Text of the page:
LV: Then in your opinion, the only reason to have such a command is for implementing a new command?

RS notes that BWidget constructs its method names in the pattern Class::method, therefore enhancing BWidget is very easy: by just writing a proc
 proc Foo::dance {self what} {...}
 ;# ...you can instruct an object of class Foo to:
 myFooInstance dance polka

GN There is nothing special about BWidget in this respect, XOTcl does it as well since ages and provides an unknown method for each object/namespace (see XOTcl Objects as Tcl Commands with subcommands).

LV Then how should one document the dance method for this object? Should each object have a separate reference page for each method (whether HTML, man, or some other format) so that all one needs to do is add a new page?

See Wrapping Commands, stacking for some examples of creating ensembles.

RFox The issue of merging documentation for random programmer implemented subcommands in an ensemble with the original package documentation is only important if these subcommands get contributed back to the original developers. Now if, instead of using those drudgy man pages, we started using Wiki based documentation (as some starkits do), all this is simple, just edit the wiki page that documents the ensemble and add in your subcommnds. Now you've got the local site documents updated.

In any open source system that accepts external contributions, there's always some release manager/management and part of the job of the release manger is merging documentation from the various sources.

LV It seems like most developers wouldn't bother to track every ensemble change that every package require invoked might perform - or the internal ones that each one used do - and do all that doc integration.

EKB In case this isn't already well known, it's easy to create an ensemble with snit:
 snit::type mytype {
    option -greeting "Hi!"
    option -parting "Bye!"

    method greet {} {
      return $options(-greeting)
    }
    method part {} {
      return $options(-parting)
    }
 }

Then use it, e.g.,
 mytype myobj -greeting "Hello!"
 puts [myobj greet]
 puts [myobj part]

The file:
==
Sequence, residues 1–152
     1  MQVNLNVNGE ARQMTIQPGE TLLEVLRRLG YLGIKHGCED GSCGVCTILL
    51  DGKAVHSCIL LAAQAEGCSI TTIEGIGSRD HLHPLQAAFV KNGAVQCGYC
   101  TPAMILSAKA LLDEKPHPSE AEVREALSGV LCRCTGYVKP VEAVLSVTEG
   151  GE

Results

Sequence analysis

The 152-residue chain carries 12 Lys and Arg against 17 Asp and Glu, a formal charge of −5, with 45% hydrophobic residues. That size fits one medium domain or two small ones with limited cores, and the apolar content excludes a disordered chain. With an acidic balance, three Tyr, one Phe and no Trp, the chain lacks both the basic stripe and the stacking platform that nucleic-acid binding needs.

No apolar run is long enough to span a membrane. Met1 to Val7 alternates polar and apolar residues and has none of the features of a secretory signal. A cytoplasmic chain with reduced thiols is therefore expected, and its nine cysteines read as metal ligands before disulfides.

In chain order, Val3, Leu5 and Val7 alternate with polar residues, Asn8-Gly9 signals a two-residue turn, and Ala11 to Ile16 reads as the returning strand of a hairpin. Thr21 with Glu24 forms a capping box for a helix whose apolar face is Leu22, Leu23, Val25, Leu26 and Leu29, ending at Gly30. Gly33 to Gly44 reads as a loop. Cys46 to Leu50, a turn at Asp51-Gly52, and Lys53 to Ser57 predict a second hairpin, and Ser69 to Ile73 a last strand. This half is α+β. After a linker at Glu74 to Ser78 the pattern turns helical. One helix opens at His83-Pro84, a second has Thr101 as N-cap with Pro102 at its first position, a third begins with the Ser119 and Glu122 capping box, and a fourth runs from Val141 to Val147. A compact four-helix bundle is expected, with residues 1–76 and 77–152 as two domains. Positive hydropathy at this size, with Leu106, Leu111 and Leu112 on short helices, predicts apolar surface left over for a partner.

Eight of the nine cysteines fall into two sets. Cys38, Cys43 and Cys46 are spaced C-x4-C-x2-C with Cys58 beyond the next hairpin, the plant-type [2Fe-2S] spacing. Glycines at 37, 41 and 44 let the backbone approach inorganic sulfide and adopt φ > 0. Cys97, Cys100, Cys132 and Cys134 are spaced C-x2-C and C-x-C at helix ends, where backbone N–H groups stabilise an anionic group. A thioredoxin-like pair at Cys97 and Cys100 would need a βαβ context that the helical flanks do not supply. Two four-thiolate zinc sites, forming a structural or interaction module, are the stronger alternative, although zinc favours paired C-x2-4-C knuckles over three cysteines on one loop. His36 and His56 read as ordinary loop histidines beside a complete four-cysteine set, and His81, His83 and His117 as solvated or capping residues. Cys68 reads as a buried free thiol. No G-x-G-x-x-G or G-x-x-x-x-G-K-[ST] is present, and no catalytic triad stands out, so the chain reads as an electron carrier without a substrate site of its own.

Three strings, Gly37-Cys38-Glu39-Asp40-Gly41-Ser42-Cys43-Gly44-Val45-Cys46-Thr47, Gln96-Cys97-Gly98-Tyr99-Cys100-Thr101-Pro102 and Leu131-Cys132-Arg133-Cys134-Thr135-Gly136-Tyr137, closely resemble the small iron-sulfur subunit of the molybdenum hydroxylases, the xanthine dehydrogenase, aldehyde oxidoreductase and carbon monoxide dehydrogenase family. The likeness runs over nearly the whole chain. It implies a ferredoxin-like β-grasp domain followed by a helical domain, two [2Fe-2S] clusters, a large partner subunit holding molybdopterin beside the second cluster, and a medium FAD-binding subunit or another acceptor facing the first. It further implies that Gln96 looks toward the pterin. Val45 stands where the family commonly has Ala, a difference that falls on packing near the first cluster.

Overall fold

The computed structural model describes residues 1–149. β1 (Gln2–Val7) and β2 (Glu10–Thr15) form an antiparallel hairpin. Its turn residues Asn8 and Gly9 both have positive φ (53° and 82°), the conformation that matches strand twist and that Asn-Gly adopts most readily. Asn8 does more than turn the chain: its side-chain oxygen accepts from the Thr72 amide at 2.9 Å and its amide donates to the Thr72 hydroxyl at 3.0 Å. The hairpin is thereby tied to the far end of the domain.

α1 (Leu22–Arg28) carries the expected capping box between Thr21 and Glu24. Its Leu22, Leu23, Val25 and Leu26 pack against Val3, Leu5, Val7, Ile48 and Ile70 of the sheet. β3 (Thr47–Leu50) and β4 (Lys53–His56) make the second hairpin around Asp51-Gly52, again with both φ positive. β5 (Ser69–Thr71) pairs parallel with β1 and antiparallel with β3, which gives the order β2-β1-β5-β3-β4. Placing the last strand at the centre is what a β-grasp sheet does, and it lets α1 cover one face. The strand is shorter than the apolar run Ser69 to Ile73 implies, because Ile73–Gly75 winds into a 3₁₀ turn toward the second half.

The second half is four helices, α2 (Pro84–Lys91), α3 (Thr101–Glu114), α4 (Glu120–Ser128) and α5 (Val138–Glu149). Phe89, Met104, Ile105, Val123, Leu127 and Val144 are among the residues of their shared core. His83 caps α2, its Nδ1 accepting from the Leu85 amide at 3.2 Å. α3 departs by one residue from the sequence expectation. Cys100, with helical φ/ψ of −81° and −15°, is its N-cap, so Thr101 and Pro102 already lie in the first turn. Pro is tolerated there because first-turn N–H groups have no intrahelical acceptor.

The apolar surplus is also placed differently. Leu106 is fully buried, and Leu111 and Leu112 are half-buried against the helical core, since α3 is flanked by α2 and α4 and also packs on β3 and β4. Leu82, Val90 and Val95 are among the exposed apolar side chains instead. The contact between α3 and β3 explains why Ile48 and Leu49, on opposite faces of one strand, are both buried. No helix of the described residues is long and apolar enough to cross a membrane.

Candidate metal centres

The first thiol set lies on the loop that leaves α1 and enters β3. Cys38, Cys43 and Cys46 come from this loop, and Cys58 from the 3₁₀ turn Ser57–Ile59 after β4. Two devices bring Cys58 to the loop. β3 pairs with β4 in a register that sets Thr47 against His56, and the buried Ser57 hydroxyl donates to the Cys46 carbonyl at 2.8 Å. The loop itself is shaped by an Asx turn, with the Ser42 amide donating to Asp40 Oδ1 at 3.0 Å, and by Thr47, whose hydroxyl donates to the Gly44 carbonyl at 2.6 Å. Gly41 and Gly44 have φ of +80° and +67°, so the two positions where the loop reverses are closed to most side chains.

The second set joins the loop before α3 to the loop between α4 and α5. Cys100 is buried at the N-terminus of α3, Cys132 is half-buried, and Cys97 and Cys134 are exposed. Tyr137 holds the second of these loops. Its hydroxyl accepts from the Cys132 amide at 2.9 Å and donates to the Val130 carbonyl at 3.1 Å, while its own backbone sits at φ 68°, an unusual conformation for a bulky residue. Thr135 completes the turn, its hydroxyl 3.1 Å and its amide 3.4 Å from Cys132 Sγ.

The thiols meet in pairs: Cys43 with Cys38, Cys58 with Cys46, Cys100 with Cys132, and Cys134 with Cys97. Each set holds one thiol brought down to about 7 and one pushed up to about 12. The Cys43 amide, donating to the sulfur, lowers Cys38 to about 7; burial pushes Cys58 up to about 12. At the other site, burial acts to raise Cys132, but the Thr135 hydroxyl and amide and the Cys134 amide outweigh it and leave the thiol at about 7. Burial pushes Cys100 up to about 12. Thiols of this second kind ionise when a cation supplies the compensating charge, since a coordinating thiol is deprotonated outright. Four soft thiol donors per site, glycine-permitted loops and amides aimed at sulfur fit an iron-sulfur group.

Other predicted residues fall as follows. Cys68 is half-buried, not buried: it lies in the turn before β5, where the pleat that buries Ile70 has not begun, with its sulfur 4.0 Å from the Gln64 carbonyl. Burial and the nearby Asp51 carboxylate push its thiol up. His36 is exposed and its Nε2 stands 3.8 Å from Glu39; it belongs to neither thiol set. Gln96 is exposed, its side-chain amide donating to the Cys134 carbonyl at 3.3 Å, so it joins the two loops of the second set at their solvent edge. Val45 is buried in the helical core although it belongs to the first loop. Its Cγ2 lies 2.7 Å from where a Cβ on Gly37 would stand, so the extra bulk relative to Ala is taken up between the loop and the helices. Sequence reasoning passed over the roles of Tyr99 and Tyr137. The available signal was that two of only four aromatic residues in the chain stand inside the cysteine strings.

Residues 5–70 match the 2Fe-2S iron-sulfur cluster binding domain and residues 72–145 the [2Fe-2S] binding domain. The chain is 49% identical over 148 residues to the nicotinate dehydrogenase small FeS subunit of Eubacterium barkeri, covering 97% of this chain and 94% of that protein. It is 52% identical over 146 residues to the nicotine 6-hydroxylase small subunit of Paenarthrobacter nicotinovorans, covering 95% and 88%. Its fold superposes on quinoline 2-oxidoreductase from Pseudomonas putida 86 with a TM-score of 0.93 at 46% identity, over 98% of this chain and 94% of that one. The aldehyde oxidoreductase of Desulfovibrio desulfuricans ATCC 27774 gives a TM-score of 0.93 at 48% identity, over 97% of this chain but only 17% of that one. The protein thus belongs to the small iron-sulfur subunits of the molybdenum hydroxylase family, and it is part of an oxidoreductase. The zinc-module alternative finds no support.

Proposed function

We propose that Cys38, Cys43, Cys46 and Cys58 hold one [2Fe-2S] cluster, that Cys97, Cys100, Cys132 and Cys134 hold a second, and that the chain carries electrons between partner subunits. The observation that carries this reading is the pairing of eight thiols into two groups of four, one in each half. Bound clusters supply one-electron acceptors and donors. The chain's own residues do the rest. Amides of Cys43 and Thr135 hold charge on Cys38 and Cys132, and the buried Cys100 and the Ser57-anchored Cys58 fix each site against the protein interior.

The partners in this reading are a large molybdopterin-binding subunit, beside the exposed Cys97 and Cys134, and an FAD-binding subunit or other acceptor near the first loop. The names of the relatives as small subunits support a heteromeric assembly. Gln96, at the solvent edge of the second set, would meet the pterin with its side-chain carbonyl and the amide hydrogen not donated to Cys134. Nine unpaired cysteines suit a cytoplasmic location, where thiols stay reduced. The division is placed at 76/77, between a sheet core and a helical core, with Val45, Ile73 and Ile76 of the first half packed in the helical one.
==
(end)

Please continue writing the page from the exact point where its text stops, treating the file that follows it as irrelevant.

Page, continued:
It can then be extended by delegation. My comment on that discussion is that it seems best to give an extended ensemble a new name, as a way to relieve the documentation headaches.

  Steps for one proc per subcommand

HaO An application of ensembles is to have a proc per subcommand. Here are the necessary steps:
namespace eval ::commandname {
namespace export sub1 sub2
namespace ensemble create
}
proc ::commandname::sub1 {args} { puts sub1=$args }
proc ::commandname::sub2 {args} { puts sub2=$args }

And here is how to call them:
% commandname sub1 a b c
sub1=a b c

As a more practical example, use a command counter, which may set, get or increment a number:
namespace eval ::counter {
variable counter 0
namespace export get set incr
namespace ensemble create
}
proc ::counter::get {} {
variable counter
return $counter
}
proc ::counter::set {value} {
variable counter
# the "::" in front of set is necessary to not call ::counter::set
return [::set counter $value]
}
proc ::counter::incr {increment} {
variable counter
return [::incr counter $increment]
}

And here how to use it:
% counter set 5
5
% counter incr 5
10
% counter get
10

Don't get irritated that ensembles are a mapping of a b -> a::b. To test this:
% namespace eval counter {namespace export showlevel}
% proc ::counter::showlevel {} {return [info level 1]}
% counter showlevel
::counter::showlevel

RS 2015-05-13 A short interactive session to discover which Tcl commands are implemented as ensembles:
% set ens {}; foreach c [info commands] {if ![catch {namespace ensemble configure ::$c -map}] {lappend ens $c}}
% set ens
chan clock info dict string

Note you can use namespace ensemble exists instead of catching the error.
% lmap c [info commands] { if {![namespace ensemble exists $c]} continue; set c}
binary tk array chan info file namespace dict string